Proposed reforms to private motor insurance fail to tackle market distortions and will not save customers money, the Lloyds Market Association said today.
Its comment follows proposals made by the Competition and Markets Authority on June 12, which suggested that insurers should place a cap on the cost of replacement cars for at-fault drivers to help steer down premiums for UK motorists. The CMA is currently investigating the £11bn market and its final report is due to be published in September.
Other proposed changes include: placing a ban on price comparison website deals to stop insurers making their products available elsewhere more cheaply; providing better information for consumers on costs and benefits of no-claims bonus protection; and providing better information on consumer rights following an accident.
But the LMA argued that although the proposed changes were 'workable' they failed to address key issues and represented only 'minor changes to the system of providing replacement vehicles and managing vehicle repair now in place.'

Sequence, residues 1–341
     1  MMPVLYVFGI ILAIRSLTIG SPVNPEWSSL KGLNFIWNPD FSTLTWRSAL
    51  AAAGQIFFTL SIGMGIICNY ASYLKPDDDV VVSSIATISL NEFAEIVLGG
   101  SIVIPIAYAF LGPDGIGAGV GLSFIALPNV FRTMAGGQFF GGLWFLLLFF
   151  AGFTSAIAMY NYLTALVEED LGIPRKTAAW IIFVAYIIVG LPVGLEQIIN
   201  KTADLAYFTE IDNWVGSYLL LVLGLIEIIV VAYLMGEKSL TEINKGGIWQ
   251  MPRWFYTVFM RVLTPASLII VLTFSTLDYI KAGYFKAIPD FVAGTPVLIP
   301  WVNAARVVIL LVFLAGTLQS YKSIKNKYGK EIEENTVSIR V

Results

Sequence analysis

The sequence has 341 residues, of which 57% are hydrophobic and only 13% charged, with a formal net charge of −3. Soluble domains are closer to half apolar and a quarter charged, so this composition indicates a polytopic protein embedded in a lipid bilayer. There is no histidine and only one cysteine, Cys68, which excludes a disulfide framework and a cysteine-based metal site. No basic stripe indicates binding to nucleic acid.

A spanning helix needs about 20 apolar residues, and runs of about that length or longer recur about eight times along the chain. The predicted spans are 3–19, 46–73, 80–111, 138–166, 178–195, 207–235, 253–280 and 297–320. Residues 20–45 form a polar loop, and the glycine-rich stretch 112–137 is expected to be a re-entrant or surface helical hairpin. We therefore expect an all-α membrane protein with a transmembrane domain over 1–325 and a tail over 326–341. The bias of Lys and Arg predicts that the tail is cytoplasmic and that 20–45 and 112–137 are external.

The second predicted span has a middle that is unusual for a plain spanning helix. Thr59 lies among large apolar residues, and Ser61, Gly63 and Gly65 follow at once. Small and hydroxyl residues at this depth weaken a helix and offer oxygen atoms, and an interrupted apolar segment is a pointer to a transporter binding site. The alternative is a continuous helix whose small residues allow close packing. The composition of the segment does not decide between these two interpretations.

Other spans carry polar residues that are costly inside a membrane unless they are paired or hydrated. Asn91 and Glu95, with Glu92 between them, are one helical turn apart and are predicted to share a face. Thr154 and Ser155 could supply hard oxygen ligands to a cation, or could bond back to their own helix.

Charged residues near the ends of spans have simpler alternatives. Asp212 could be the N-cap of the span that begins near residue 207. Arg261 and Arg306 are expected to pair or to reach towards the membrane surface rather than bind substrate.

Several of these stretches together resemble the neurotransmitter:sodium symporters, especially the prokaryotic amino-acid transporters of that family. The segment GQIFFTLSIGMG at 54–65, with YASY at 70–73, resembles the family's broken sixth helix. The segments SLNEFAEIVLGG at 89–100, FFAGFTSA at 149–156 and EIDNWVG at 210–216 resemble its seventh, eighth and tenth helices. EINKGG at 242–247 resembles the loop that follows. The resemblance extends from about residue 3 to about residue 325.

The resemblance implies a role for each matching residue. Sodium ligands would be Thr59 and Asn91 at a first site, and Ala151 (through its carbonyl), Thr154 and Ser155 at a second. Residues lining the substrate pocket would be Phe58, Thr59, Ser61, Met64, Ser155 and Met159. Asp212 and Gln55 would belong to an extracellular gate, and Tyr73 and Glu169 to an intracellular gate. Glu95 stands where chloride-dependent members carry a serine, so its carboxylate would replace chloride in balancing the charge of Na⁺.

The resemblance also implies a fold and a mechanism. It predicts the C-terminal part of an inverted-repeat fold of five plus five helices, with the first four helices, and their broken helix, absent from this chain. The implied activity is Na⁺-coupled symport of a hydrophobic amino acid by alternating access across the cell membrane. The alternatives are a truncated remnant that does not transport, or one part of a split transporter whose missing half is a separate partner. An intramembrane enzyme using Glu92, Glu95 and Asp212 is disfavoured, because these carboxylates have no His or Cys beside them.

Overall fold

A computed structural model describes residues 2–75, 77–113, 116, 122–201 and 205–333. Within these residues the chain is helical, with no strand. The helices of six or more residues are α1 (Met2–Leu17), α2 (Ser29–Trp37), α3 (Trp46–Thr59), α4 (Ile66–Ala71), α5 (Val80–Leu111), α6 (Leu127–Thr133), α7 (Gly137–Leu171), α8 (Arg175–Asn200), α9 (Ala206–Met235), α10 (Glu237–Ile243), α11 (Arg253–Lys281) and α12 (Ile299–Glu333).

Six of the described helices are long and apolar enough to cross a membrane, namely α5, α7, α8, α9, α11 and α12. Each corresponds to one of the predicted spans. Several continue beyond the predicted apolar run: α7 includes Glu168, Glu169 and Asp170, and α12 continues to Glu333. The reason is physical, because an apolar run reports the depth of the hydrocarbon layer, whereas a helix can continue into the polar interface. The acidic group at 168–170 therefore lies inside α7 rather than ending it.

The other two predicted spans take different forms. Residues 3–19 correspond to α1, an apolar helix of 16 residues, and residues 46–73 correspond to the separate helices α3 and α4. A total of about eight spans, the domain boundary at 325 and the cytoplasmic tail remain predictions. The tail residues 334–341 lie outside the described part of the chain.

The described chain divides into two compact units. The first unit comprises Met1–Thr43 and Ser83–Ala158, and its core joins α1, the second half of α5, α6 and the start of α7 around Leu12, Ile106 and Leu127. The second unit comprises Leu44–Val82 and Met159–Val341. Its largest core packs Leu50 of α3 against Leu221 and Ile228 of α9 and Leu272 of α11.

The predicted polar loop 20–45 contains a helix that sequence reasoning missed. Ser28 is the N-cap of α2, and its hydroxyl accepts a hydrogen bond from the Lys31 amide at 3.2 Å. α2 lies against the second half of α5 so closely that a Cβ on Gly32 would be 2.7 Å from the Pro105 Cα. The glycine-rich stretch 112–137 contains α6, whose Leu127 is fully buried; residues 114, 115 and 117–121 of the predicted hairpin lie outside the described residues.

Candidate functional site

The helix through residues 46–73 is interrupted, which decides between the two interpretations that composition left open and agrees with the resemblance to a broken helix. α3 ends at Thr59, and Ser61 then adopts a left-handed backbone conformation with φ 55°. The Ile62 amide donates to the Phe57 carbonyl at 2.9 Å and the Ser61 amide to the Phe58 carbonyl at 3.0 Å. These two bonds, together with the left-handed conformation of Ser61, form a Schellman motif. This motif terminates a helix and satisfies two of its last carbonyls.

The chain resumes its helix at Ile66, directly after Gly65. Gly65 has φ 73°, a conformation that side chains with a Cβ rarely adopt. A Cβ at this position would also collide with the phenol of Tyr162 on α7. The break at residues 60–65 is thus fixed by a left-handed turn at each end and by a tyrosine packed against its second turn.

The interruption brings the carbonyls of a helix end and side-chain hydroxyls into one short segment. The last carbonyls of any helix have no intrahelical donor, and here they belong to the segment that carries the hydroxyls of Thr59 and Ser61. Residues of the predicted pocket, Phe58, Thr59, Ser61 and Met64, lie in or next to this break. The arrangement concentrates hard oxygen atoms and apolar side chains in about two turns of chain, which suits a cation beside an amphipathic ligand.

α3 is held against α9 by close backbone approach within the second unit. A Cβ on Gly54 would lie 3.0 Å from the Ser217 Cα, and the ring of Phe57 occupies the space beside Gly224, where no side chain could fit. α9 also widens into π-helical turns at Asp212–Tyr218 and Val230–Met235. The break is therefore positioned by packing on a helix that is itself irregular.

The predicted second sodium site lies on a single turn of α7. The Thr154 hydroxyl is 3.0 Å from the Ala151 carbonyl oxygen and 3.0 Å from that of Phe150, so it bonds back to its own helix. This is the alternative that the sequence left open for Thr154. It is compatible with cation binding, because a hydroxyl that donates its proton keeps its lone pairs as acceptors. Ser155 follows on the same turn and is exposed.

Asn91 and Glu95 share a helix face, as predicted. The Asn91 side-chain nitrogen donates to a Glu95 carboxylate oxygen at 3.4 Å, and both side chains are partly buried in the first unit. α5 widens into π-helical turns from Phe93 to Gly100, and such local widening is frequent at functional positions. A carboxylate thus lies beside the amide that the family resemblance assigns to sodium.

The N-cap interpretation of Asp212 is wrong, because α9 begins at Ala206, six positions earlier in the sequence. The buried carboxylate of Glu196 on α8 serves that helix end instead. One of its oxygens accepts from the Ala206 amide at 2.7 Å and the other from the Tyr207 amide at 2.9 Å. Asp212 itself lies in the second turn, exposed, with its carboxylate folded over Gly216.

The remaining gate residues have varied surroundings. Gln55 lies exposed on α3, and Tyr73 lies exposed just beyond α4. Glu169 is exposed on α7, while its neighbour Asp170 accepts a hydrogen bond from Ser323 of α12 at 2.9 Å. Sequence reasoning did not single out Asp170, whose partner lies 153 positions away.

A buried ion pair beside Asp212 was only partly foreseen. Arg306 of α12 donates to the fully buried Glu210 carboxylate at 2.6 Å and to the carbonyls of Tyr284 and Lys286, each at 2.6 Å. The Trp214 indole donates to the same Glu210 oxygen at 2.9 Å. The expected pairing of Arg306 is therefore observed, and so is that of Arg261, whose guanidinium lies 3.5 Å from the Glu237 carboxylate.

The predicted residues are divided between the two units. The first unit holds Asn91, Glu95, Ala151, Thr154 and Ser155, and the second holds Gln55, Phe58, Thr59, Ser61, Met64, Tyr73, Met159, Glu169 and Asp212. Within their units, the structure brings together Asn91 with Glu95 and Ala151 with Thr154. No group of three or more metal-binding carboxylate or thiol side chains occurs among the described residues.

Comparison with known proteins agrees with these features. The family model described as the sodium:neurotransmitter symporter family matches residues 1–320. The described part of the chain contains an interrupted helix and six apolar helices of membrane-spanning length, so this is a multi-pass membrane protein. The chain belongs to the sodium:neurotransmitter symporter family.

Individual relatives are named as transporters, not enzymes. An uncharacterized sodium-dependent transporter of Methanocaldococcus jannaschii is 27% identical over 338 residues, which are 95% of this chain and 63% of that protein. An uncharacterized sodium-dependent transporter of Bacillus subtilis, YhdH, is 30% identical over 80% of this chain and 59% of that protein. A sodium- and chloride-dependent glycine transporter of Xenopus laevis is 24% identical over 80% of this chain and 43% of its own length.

LMA underwriting manager David Powell said: 'These proposals are well intentioned but fail to get to the real nub of the problem - the behaviour of credit hire firms, and some non-fault insurers, that is driving up costs for motorists in the UK.
'We support the CMA's proposal to cap the amount charged for supplying replacement vehicles to non-fault customers. Capped costs should, in theory, limit insurers' exposure to being over-charged. But we fear that there will still be scope for abuse as the reforms don't remove credit hire firms from the provision of replacement vehicles, nor will the reforms prevent insurers that manage non-fault claims from passing on inflated costs to their competitors.
'Ultimately, our members feel that the reforms are not likely to deliver savings for customers, which is the real test. That's why we're urging the CMA to publish detailed success criteria on the reforms, and revisit the remedies in two years if they don't deliver savings.'